Dear Bradley: I just went on your web site and read newsletter no. 2 (9/29/04). I enjoyed it and it made some effective points, but it also raised in my mind the following caution: any discussion of "terrorism" is apt to get out of focus by sliding away from a clear definition of the word. For example, you compare American soldiers in Iraq (whose actions have resulted in the deaths of a lot of innocent Iraqi civilians) with Arab terrorists (who, among other things, are beheading civilians of various nationalities in Iraq).
Now, as I understand it, "terrorism" is the deliberate targeting and killing of innocent civilians, as opposed to enemy combatants, in order to achieve one's political goals. Based on this understanding, the killing of Iraqi civilians by American soldiers is not terrorism. It's unfortunate, but civilian deaths have always been a by-product of any warfare that was not a set-piece on a battlefield. I think everyone understands that. It's not the same thing as the fire-bombing of Dresden during Holy Week in 1945 or the napalming of Tokyo. Failure to make this distinction may give your audiences the impression that you are a bit of a terrorist yourself, a verbal terrorist who attacks the innocent in order to make his political points. And it will weaken your arguments.
There are good arguments to be made against the American war in Iraq, of course. I was opposed to the war myself on numerous grounds. And it may be legitimate to compare the war with the German invasion of Poland in 1939. But the German invasion was not an act of terrorism.
There were acts of German terrorism, of course. The krauts are no better than we are. For example, their policy, whenever local resistance fighters – not terrorists – would kill German officers or administrators, was to round up 100 or so of the local villagers and kill them. I believe the Germans even had a word they used for some of their actions that translates more or less as "terror warfare."
So the Iraqi insurgents, insofar as they target coalition forces, are not terrorists, though they do become terrorists when they target (as they often do) innocent civilians. Granted, it's not always easy to distinguish with a bright line just who is an enemy combatant and who is an innocent civilian, but we have to keep and use the distinction, as it is valid and vital in a general way.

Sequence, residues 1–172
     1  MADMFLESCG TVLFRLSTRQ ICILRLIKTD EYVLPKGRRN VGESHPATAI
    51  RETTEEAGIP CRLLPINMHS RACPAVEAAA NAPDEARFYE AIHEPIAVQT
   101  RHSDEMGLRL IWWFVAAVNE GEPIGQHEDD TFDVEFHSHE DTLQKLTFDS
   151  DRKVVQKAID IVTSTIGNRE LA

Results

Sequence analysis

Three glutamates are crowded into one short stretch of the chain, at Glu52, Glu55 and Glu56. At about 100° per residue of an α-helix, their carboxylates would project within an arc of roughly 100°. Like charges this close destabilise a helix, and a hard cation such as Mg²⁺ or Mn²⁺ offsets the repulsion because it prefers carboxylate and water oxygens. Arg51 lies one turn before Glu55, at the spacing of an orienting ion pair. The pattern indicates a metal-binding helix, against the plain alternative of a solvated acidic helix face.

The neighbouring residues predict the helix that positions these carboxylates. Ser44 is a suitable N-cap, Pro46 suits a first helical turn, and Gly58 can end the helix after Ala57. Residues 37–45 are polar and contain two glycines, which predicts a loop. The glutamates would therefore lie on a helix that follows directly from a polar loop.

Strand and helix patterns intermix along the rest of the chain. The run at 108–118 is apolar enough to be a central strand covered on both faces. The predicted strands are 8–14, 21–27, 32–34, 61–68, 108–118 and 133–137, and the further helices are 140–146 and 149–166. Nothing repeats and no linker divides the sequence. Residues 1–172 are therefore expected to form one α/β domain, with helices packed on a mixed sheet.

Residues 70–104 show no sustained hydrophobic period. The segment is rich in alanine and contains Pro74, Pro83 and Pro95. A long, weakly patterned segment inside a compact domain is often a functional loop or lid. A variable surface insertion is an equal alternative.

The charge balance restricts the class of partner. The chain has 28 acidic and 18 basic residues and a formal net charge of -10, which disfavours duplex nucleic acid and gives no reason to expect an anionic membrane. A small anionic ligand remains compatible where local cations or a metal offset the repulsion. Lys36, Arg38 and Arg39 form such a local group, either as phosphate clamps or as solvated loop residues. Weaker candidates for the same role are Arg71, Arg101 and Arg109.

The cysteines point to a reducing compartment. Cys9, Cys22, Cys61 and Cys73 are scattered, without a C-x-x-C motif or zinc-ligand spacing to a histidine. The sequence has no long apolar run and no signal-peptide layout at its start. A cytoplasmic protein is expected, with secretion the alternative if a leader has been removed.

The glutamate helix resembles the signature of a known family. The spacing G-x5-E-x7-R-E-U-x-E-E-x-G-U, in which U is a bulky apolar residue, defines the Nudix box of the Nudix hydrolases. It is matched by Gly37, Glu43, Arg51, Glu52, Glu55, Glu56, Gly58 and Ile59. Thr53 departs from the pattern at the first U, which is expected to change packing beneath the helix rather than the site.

Otherwise, we sink into the concept of total war: the extermination of men, women, children, and animals – everything that breathes.
With regard to defining "terrorism" we agree that it is primarily the intentional killing of unarmed civilians.
The matter of comparing individual Iraqi terrorists who behead defenseless, unarmed hostages with individual American soldiers, who "accidentally" kill defenseless, unarmed civilians in the routine of battle, is a difficult issue to sort out. While the individual US soldier kills unarmed civilians accidentally (we will posit that), individual Iraq terrorists behead unarmed civilians intentionally.
But here is the slippery moral issue. The US Government initiated a preemptive war against Iraq, knowing full well that for every Iraqi solider we kill, we will kill five, ten, or more defenseless, unarmed Iraqi civilians. All those who administer the State, any State, understand that that is the fact of the matter. American State policy in the Iraq war is "terrorist" by definition. It is absolutely understood by all concerned that tens, and probably hundreds of thousands of defenseless, unarmed Iraqi civilians will be, already have been, slaughtered.
A new report from London, based on on-the-ground surveys, suggests that we have killed upwards of 100,000 Iraqi civilians. This suggests that we have wounded and maimed from one-half million to one million innocent, unarmed Iraqi civilians. The individual US solider is caught in the middle. So are we. We are all implicated in the slaughter, as we democratically "choose" those who will govern us and see to the killing of the others.
What to do? I don't know. We can argue against the right of the State to initiate preemptive wars. We can choose to not participate in them as soldiers or taxpayers. It won't matter. There are not enough of us to make any difference, not enough willing to sacrifice what will have to be sacrificed to change the course of a history that is in its third century. Who are we kidding?
We can argue that the unintentional killing of unarmed civilians during military combat is not the same as the intentional murder of the civilian populations of Japanese and German cities during WWII. Still, they are both the result of State policy, each created via the same traditions and bi-partisan cooperation. It was State policy to intentionally burn alive the civilian populations of Nagasaki and Hamburg. It is State policy today to kill as many defenseless, unarmed civilians in Iraq as is necessary to accomplish the goals of the State.
I am not suggesting that US policy is any "worse" than the State policies of other powerful and not-so-powerful nations and peoples around the world. The mix of power and historical context rules us all. It isn't going to change. The only benefit, perhaps, of recognizing how we behave, is that we might be encouraged to not see the other as someone to be demonized. Brings to mind the advice of a well-known Jew. "Love thy enemy."
As a matter of fact that pithy, difficult, and in the end indecipherable phrase might be the beginning of an answer. If we were disinclined to participate in the demonization of those whom the State designates as "evil," we might find ourselves unable to raise the necessary energy to follow our bi-partisan governments from one war to another, generation after generation after generation. Works for me. At the moment.
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|Author(s):||Bradley R. Smith|
|Title:||Outlaw History #7, Terrorism Is as Terrorism Does|
|First posted on CODOH:||July 2, 2012, 7 p.m.|